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  • Faculty at Clemson University, Clemson, SC
  • Faculty at Clemson University, Clemson, SC
  • Academics at Clemson University, Clemson SC
  • Faculty at Clemson University, Clemson SC
  • Campus at Clemson University, Clemson SC
  • Faculty at Clemson University, Clemson, SC

TIGERS ADVANCE: Transforming the Institution through Gender Equity, Retention and Support, is a National Science Foundation (NSF) funded innovative and systematic institutional transformation approach to reduce gender inequality and improve opportunities for all early and mid-career  faculty at Clemson, both men and women. Inclusive of all science, technology, engineering and mathematics (STEM) disciplines, TIGERS ADVANCE is the result of a comprehensive institutional assessment of the barriers that hinder the recruitment, advancement and retention of Clemson’s women and minority faculty; a thorough assessment of Clemson’s history, culture and climate; an extensive review of lessons learned from ADVANCE institutions; and the tight integration of social science research with project activities to inform and support institutional transformation.

Critical to creating perceptions of fairness and support is an understanding of time use, as faculty members’ careers are largely determined by how they spend their time. Institutional constraints and implicit biases differentially affect men’s and women’s time allocations. Consequently, TIGERS ADVANCE will contribute to the understanding of the links between time use and unfair workload allocations in academic settings by measuring faculty time allocation via personal diaries, testing predictions made by organizational identity theory, advancing research in organizational psychology and gender studies, tracking the impact of institutional policy changes, and measuring the overall success of TIGERS ADVANCE as a result of improving institutional opportunities for all faculty.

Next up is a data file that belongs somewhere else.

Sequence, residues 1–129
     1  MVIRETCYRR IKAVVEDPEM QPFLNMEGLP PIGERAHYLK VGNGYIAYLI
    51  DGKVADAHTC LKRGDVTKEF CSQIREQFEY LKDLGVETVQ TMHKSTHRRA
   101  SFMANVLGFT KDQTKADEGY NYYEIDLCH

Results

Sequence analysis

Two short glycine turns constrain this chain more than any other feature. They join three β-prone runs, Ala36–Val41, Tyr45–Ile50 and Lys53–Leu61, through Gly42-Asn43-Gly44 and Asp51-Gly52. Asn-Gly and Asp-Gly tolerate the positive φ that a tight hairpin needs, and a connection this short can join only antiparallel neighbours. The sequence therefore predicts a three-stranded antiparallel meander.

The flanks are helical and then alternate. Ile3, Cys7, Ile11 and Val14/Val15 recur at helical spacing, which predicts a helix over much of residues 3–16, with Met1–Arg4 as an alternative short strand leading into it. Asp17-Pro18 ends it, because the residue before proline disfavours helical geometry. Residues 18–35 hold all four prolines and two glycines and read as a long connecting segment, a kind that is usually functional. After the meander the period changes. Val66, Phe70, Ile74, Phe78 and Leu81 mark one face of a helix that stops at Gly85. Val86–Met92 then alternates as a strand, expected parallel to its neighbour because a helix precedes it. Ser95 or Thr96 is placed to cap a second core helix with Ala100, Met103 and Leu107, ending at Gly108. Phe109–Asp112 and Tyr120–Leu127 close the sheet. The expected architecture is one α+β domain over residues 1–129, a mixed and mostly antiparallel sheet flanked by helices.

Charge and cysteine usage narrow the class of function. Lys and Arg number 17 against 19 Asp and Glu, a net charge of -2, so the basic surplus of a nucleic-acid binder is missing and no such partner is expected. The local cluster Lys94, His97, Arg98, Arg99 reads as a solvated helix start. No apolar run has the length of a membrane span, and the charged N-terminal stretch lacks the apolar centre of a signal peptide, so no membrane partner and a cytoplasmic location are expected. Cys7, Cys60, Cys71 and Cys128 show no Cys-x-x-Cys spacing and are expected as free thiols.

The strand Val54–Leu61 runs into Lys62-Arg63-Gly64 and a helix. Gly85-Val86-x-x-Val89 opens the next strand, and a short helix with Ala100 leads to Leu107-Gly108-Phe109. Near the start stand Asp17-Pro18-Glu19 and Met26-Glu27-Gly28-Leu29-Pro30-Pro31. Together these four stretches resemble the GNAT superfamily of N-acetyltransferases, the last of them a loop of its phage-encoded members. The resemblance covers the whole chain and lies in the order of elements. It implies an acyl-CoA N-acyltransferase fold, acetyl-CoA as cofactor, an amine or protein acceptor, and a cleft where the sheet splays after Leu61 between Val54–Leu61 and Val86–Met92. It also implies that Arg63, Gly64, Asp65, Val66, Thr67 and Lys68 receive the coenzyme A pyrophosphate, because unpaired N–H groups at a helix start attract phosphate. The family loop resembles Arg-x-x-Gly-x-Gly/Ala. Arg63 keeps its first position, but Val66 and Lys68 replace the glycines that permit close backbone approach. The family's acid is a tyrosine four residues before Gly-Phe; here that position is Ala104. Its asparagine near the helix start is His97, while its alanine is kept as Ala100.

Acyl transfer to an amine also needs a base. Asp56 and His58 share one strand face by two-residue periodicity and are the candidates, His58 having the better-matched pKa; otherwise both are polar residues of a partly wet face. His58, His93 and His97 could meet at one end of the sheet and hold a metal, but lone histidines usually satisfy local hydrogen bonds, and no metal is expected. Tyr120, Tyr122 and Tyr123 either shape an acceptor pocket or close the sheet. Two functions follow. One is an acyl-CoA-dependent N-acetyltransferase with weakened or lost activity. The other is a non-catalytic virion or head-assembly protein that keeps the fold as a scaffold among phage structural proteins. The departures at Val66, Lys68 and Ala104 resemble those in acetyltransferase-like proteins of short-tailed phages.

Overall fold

This is an ideal time to achieve a superordinate identity at Clemson—One Clemson—as the university recently welcomed entirely new executive leadership with demonstrated commitment to inclusive excellence.

President Clements and Provost Jones are both committed to sustaining the positive change that will result from TIGERS ADVANCE initiatives and have agreed to institutionalize many of the programs through future resource commitments after the 5-year term of the grant. TIGERS ADVANCE programs will be subsumed under a Center for Faculty Development and Advancement that will be established under the Provost’s office and funded by the university. The TIGERS ADVANCE executive director will be compensated to lead the center, and the program coordinator hired to assist the director will be converted to a full-time, permanent position.

The proposed management plan is organized around the TIGERS ADVANCE Steering Committee that coordinates the implementation teams assembled to achieve the proposed five goals, communication team, the evaluation team as well as social science research team. The Steering Committee will be responsible for project launch, implementation, research, communication, evaluation, and sustainability.